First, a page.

Canada-China ties have been in the doldrums for quite some time over the arrest of Huawei executive Meng Wanzhou, who is the daughter of Huawei founder Ren Zhengfei. Now, a Vancouver Judge has ruled that the US fraud charges against Wanzhou fulfilled the Canadian extradition requirement of “double criminality”, that is, the impugned act is a crime in Canada too. This puts the Huawei executive one step closer to being extradited to the USA, for violating trade sanctions on Iran.
Adding further to the soaring tensions is Canada’s condemnation of the National Security Law in Hong Kong with which the Xi Jinping regime will take away whatever freedoms the semi-autonomous region still enjoys.
This has triggered a knee-jerk reaction from Beijing which has accused Canada of acting as an “accomplice” with the US in a “grave political incident”. Beijing has threatened a trade war against Canada.
CCP mouthpiece Global Times has published a report titled, “Growing uncertainties in Canada raise alarm for Chinese companies”. The report goes on to state, “it will be increasingly challenging for Canada to seek a balance between the world’s two largest economies, adding uncertainties to China-Canada economic and trade ties.”
Wanzhou had made the application against extradition on the basis of “double-criminality” rule but with the scrapping of her application, she is now staring right into the prospect of being extradited to the US. This has led to the Chinese Embassy releasing a strongly worded statement that read, “China hereby expresses strong dissatisfaction and firm opposition to this decision, and has made serious representations with Canada.”
With the Trump administration already deciding to block Huawei from semi-conductor supplies and the United Kingdom deciding to form D10- a group of ten democracies to take on Huawei’s 5G technology, the telecom major is already staring at bleak prospects. The latest judicial ruling could prove to be the last straw for the Chinese telecom giant due to which Beijing has started threatening Canada with a trade war of the kind that it has already waged on Australia.
China’s Foreign Ministry itself has issued veiled threats and has stated that Canada “should immediately correct its mistake, release Meng and ensure her safe return to China at an early date, so as to avoid any continuous harm to China-Canada relations”.
Therefore, if Canada doesn’t “correct” its mistake according to Chinese perception, Beijing will initiate economic action against Ottawa, and this becomes crystal clear from what Global Times, the mouthpiece of the Communist Party of China (CCP) has to say.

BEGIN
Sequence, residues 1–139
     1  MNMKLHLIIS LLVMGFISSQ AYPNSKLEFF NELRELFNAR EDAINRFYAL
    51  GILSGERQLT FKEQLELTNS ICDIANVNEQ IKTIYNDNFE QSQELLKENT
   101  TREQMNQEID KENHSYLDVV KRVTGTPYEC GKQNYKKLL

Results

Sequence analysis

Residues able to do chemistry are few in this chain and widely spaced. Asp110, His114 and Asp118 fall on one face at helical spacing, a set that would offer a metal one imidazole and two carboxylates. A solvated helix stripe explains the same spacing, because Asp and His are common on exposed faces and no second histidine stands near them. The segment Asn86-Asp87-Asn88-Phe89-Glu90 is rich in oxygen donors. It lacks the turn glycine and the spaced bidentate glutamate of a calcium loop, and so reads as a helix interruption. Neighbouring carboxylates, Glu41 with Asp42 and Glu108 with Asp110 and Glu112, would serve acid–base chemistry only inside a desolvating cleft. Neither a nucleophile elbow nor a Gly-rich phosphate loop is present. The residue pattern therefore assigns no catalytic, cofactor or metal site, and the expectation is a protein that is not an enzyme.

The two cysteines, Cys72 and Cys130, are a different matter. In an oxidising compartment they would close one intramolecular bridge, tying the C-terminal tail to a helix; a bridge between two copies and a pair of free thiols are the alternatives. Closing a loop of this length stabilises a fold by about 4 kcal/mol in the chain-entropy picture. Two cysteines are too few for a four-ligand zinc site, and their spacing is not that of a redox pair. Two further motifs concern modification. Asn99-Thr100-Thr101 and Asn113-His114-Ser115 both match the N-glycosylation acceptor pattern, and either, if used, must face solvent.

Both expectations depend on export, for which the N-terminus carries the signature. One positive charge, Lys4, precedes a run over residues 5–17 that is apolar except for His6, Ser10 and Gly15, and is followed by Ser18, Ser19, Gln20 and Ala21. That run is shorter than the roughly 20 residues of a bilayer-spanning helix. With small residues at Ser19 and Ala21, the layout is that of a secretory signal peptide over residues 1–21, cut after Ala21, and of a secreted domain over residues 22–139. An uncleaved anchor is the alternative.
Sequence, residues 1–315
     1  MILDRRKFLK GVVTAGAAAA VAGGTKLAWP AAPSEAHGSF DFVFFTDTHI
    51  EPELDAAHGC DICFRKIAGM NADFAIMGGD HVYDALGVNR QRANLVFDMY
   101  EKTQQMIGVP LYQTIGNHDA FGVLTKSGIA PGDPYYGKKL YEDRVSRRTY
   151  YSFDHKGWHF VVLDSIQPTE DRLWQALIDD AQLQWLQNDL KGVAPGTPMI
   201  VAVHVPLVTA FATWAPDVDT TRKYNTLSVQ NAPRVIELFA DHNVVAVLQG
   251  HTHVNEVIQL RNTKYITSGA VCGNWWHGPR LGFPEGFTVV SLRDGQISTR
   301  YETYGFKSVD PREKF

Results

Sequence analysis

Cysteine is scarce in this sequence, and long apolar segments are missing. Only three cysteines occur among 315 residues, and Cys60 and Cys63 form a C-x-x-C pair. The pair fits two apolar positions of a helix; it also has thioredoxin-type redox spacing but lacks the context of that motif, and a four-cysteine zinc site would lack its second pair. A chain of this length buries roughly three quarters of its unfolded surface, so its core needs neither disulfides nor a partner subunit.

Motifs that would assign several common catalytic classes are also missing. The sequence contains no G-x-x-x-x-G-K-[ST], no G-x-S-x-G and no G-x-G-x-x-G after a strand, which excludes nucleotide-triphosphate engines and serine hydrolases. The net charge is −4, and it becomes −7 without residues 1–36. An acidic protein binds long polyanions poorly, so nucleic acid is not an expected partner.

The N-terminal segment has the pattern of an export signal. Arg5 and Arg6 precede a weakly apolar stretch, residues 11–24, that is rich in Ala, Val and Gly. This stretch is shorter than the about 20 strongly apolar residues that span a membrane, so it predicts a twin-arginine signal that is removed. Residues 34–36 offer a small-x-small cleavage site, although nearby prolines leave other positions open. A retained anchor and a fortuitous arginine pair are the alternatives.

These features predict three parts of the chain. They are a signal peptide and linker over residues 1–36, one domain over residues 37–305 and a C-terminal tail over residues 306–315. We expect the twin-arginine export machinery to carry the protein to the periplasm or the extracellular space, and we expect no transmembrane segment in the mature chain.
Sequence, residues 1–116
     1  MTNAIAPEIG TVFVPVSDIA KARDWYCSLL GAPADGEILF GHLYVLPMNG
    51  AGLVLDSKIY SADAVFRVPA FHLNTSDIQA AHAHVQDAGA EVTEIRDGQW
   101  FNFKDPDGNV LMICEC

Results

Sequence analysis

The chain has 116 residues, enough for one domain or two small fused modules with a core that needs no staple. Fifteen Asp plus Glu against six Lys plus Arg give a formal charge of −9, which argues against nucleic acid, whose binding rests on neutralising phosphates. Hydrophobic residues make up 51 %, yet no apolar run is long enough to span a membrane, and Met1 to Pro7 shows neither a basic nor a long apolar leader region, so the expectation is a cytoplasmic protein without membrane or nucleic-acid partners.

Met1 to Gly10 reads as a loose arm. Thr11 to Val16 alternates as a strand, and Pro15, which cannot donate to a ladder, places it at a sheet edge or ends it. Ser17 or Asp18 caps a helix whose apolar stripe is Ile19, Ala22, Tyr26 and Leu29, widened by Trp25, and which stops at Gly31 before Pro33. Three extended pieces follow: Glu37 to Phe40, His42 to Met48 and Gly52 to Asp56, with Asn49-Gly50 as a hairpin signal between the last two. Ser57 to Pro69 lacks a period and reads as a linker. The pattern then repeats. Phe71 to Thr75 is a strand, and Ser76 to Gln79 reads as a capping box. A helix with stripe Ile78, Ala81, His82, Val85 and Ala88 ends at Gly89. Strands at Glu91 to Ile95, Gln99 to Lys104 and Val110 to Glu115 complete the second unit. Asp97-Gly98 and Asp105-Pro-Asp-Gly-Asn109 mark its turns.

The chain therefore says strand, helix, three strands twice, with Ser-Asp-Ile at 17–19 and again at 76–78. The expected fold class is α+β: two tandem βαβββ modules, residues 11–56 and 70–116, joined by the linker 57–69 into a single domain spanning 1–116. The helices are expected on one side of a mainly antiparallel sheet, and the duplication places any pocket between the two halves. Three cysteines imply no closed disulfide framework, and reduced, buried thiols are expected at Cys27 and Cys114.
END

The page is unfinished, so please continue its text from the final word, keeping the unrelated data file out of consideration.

In another report that takes a dig at Canada over the latest setback to the Huawei CFO, Global Times has quoted He Weiwen, a former senior trade official and an Executive Council Member of the China Society for WTO Studies as saying that the ruling will make the bilateral relationship “worse than ever”.
The report also quotes Mei Xinyu, an expert close to China’s Commerce Ministry as saying, “Canada has been under US pressure since the beginning, or it could have benefited from the trade war between the world’s two largest economies.”
At the same time, former Canadian Security Intelligence Service (CSIS) Director, Richard Fadden has suggested that there could be more retaliatory detentions of Candian nationals in China.
Since December 2018, two Canadians- Michael Kovrig, a former diplomat, and Michael Spavor, a businessman have been kept under arbitrary detention by Beijing. China had detained them on accusations of espionage as a retaliation against the arrest of the Huawei CFO in Canada.
Fadden has said that the “easiest form” of retaliation for China could be aimed at other Canadian nationals in that country are “at some risk that they may join the two Michaels in Chinese detention.”
This could play heavily on deteriorating Canada-China relations, which are already set to dip further. This hasn’t stooped Canada from signing a statement condemning China over the imposition of the National Security Law in Hong Kong.
The statement reads, “Direct imposition of national-security legislation on Hong Kong by the Beijing authorities … would curtail the Hong Kong people’s liberties, and in doing so, dramatically erode the autonomy and the system that made it so prosperous.”
We at TFIPOST had predicted heightened tensions between China and Canada almost a month ago, and the present developments only vindicate the predictions that we have been making.